New commercial radio scholarship for journalism students: Deborah Clay

At this year’s Australian Commercial radio Awards, ARN’s Sydney and Brisbane News Director Deborah Clay announced a new scholarship, which will give radio journalism students a chance to hone their skills across various networks.

Deborah talks to radioinfo about the new Brian White Scholarship, which sees radio networks put their rivalries aside for a good cause.

How did the idea for the scholarship come about?

I had the idea for a mentoring initiative in response to the huge changes we’ve seen across the media industry and news in particular in recent years. I floated the idea for an industry scholarship with my boss Duncan Campbell and he encouraged me to take it to Commercial Radio Australia.

What does the scholarship involve and who should apply?

News leaders from the various radio networks are coming together to identify the brightest upcoming broadcast journalists and offer guidance and support. The scholarship is open to recent graduates or students in their final year of study in a course relevant to journalism.

The successful applicant will receive a placement across each of the four major metropolitan radio networks – Macquarie Media, Australian Radio Network, Nova Entertainment and Southern Cross Austereo, for a total of eight weeks. They’ll have the opportunity to see how different newsrooms operate and give them valuable time with the News Directors.

Radio journalism is a rewarding career trajectory and hopefully the initiative will capture the imagination of not only the winner of the scholarship, but everybody who applies.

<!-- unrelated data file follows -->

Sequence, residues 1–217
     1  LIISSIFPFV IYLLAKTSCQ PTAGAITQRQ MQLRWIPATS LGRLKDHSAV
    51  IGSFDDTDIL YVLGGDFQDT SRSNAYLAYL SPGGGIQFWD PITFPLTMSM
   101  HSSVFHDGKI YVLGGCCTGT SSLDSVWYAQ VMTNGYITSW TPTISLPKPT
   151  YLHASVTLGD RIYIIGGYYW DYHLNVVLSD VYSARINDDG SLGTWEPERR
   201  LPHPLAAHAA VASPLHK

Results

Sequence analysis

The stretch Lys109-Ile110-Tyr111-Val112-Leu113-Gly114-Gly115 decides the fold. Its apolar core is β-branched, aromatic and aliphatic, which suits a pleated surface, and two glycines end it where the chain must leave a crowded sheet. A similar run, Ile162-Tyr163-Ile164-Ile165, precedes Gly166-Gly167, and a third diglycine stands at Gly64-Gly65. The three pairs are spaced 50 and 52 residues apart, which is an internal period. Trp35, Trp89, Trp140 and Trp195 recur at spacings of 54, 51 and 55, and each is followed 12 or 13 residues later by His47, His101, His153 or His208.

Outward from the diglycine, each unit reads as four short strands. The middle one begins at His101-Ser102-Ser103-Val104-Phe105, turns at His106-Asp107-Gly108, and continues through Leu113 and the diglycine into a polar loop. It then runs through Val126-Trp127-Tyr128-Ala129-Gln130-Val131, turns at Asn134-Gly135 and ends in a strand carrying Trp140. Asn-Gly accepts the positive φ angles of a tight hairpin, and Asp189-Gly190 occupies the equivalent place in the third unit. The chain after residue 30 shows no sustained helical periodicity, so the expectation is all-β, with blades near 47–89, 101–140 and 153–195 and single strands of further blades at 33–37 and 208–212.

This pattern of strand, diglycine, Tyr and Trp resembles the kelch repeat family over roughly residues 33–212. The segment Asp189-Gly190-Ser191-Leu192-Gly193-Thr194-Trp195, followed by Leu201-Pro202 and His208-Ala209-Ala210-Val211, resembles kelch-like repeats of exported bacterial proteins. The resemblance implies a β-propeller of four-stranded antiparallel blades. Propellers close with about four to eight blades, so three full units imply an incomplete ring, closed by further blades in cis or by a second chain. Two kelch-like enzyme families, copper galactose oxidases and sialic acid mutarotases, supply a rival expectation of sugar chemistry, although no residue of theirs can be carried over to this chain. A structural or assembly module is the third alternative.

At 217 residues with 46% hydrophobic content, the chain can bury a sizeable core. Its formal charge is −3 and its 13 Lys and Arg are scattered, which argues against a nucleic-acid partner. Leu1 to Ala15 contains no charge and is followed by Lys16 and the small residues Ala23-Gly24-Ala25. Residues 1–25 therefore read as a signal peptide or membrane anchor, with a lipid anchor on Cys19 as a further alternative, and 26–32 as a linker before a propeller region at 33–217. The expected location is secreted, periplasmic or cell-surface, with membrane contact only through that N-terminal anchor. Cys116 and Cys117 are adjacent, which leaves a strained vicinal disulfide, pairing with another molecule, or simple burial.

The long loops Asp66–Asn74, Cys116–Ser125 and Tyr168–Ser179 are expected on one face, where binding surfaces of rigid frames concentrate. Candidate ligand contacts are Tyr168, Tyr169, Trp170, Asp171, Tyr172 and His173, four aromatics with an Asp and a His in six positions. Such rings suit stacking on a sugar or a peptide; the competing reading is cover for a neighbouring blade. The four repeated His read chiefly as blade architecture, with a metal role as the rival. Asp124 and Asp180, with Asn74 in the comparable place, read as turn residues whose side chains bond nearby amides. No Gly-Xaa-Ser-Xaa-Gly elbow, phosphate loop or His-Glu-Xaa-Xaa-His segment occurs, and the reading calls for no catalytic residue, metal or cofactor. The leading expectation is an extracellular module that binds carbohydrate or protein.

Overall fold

What does the application process involve?

Commercial Radio Australia will contact universities across Australia with applications opening in the new year. Entrants will be required to submit both audio and written examples showcasing their work. The judging process will culminate in a dynamic workshop for finalists who will receive valuable advice from industry leaders. We’ll be looking for journalists with potential and a positive attitude.

You are already mentoring a number of people, why is the initiative necessary?

This is a positive statement to the radio industry about the goodwill which exists within newsrooms and hopefully will have an impact on the next generation of journalists. Radio has proven to be resilient in a changing media landscape and broadcast news continues to be essential when major stories break.

I believe unique news content (interviews and stories) is the key to the future of radio news as listeners are savvy about the information they consume each day. They know if a story is old or if they’ve seen it online across numerous media outlets. Developing the journalism skills to produce unique content doesn’t happen overnight and my hope is the Brian White Scholarship will give people who apply the awareness to question the media release, because it’s rarely the story.



In 2013 Deborah Clay was the recipient of the Brian White Memorial Award for news journalism. Read more about it here, or click Deborah’s name in the tag cloud below for other coverage.

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